From chain molecules to high-tech material: 100 years of synthetic rubber

20-Mar-09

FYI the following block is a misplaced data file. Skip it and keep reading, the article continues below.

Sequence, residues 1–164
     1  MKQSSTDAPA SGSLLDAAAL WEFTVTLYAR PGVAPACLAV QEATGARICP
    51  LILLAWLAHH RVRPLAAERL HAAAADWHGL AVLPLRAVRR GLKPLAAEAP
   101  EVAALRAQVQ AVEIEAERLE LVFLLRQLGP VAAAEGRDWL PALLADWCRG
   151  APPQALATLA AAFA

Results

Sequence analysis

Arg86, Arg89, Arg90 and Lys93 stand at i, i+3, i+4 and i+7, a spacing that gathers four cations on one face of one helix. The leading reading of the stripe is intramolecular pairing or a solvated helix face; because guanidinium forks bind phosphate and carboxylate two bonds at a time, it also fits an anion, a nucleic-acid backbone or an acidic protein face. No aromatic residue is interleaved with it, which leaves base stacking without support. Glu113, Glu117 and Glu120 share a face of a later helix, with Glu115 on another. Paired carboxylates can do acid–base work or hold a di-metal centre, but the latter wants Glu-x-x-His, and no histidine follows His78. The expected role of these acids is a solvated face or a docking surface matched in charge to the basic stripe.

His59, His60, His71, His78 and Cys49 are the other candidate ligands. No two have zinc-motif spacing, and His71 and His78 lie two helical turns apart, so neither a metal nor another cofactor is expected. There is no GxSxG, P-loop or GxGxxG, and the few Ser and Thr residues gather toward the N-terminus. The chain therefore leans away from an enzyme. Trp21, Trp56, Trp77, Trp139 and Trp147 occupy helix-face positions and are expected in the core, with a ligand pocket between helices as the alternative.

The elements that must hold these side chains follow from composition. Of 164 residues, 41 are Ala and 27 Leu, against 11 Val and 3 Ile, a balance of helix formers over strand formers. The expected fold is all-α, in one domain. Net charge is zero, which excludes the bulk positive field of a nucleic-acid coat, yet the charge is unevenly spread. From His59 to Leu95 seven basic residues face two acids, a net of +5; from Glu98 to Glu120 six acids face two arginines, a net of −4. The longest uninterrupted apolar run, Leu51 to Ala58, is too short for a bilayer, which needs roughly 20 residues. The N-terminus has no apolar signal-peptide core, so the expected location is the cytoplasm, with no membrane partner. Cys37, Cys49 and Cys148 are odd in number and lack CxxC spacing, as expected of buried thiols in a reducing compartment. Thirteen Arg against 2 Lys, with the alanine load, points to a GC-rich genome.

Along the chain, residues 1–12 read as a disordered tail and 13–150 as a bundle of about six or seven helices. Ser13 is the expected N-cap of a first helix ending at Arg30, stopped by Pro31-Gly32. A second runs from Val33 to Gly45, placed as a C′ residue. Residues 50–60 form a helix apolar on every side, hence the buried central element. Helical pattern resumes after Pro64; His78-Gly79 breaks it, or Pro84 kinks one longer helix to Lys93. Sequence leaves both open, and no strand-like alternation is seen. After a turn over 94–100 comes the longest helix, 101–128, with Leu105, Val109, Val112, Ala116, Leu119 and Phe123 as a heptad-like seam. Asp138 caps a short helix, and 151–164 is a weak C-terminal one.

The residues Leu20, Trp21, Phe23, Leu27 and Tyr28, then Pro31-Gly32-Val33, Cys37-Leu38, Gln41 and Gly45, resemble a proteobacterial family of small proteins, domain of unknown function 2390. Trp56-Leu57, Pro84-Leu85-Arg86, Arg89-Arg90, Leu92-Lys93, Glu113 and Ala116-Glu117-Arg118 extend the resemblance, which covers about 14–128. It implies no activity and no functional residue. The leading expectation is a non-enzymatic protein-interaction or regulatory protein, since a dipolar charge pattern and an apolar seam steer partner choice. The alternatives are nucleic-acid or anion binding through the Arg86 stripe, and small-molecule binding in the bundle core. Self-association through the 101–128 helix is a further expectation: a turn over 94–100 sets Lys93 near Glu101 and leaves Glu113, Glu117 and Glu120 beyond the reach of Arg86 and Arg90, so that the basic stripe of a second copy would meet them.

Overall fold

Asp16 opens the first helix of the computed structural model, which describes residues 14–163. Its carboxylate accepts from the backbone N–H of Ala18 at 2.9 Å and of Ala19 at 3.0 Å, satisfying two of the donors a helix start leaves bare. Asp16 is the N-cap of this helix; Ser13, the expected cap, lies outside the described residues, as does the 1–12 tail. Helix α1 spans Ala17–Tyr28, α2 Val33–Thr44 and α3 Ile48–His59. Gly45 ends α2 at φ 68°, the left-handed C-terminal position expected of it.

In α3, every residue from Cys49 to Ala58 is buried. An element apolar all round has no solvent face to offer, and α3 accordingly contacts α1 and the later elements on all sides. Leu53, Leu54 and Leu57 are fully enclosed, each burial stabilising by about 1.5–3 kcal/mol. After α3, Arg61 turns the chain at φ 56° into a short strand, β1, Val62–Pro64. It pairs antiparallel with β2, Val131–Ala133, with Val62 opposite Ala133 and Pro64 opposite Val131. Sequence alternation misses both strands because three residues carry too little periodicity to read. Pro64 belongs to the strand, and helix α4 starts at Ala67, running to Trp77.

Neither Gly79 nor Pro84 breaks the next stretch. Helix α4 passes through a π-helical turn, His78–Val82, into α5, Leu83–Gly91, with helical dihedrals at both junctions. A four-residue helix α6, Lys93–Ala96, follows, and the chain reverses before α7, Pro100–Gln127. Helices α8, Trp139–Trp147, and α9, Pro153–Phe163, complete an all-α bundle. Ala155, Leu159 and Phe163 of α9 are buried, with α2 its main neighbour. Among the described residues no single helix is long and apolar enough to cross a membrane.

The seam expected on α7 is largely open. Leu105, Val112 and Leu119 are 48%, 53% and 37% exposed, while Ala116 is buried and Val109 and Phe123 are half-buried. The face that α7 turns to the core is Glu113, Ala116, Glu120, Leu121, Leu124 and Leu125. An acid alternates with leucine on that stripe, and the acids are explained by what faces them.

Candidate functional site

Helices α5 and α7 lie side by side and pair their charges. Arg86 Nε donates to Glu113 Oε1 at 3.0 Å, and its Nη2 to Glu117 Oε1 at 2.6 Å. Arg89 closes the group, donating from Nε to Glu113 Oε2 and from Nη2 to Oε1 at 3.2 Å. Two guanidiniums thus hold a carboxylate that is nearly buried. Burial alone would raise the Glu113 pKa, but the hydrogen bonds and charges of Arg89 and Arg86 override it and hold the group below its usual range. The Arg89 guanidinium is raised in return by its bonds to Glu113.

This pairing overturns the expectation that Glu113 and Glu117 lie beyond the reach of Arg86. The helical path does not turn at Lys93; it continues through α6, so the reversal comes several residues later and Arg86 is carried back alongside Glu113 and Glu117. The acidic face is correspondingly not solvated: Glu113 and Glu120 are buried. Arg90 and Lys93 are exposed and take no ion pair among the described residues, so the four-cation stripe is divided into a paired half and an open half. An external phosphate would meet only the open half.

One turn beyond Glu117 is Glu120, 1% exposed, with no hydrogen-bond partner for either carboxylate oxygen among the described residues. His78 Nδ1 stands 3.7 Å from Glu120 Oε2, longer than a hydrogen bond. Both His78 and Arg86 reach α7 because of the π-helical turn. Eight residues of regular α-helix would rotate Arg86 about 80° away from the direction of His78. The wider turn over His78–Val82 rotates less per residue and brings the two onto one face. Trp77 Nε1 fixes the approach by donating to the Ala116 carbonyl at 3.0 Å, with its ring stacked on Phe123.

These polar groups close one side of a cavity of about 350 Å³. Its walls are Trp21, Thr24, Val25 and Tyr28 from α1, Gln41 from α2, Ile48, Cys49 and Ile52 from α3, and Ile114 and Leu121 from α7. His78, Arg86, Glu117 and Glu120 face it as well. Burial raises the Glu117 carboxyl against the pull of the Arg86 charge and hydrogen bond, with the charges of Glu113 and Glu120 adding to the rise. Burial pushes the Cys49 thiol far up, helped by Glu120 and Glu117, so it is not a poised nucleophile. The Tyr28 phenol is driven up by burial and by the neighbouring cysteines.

In 2009, synthetic rubber will be 100 years old - a date that is not just significant for the history of chemistry but also for technology in general, and it is still relevant to this day. Synthetic rubber was invented by chemist Fritz Hofmann, at that time employed at Elberfelder Farbenfabriken Friedr. Bayer & Co., a company whose legacy is continued today by specialty chemicals group LANXESS AG. Patent No. 250690 for the first "process for manufacturing artificial rubber" was granted on September 12, 1909. For Hofmann's successors - right down to present-day rubber chemists at LANXESS - the synthetic rubber inventor's reputation has always been both an incentive and a benchmark that they strive to live up to. From the outset, they have been heavily involved in the further development of the material. LANXESS rubber innovations continue to ensure that rubber remains successful in challenging technical applications amid ever greater demands on elastic materials. Synthetic rubber innovations of LANXESS will be an important thing also in the future. "Strictly speaking, there is not just one form of synthetic rubber," says Guenther Weymans, head of the Technical Rubber Products business unit at LANXESS, one of three sectors of the company providing high-performance rubbers for the tire and rubber sector and playing a major role in the group's success. "Today, the engineering world can call on a whole family of chemically customized elastomers whose properties can be closely adapted to a range of applications," adds Weymans. "The pioneering work of Fritz Hofmann showed experts at the time that rubbers could indeed be manufactured synthetically." Until Hofmann's discovery, industry was forced to rely on plantation rubber, which was subject to considerable fluctuations in price and quality and, above all, allowed very little chemical modification and could not therefore be adapted to the increasingly demanding needs of technology. Real success for synthetic rubber came when further discoveries had been made, many of which involved researchers of the predecessors of LANXESS. Years after Hofmann's discovery, another chemical building block was transformed into a rubber raw material by using sodium. Afterwards things went from strength to strength, with chemists Walter Bock and Eduard Tschunkur refining the new basic formulation in a laboratory of the former I.G. Farben company and deriving from it a new, highly robust synthetic rubber - styrene rubber Buna S - that is still in use in an evolved form today. The patent for Bock's butadiene-styrene copolymerization was granted on June 21, 1929. Styrene rubber today is a widespread rubber raw material for tire manufacturing. The name Buna contains the initial letters from the required ingredients butadiene and sodium (Na). Oil-resistant nitrile rubber (Buna N, later Perbunan) is also based on a similar formulation and it too was invented in Leverkusen. "Without these and many other synthetic rubber grades, the world would look very different without the pioneering work of Hofmann," says Weymans. "After all, highly advanced mechanical engineering also relies on special-purpose rubbers that do not become brittle at high temperatures and can safely transport aggressive media under pressure. Natural rubber would fail in these applications after a very short period of time." A lot has therefore been accomplished since the invention of synthetic rubber. Today, the engineering world uses a multitude of special-purpose rubbers from the reactors of the chemical industry. For example, LANXESS has well over 100 different synthetic rubber grades in its range, including 60 different nitrile rubbers alone that are largely tailored to specific tasks and feature exotic rubber grades with an extremely abrasion-resistant, "paper-friendly" surface that are ideal for applications such as letter sorting machines. Other LANXESS high-performance rubbers such as Therban offer excellent mechanical strength at high operating temperatures. They ensure, for example, that toothed belts in cars need to be changed much less often than it was previously the case.
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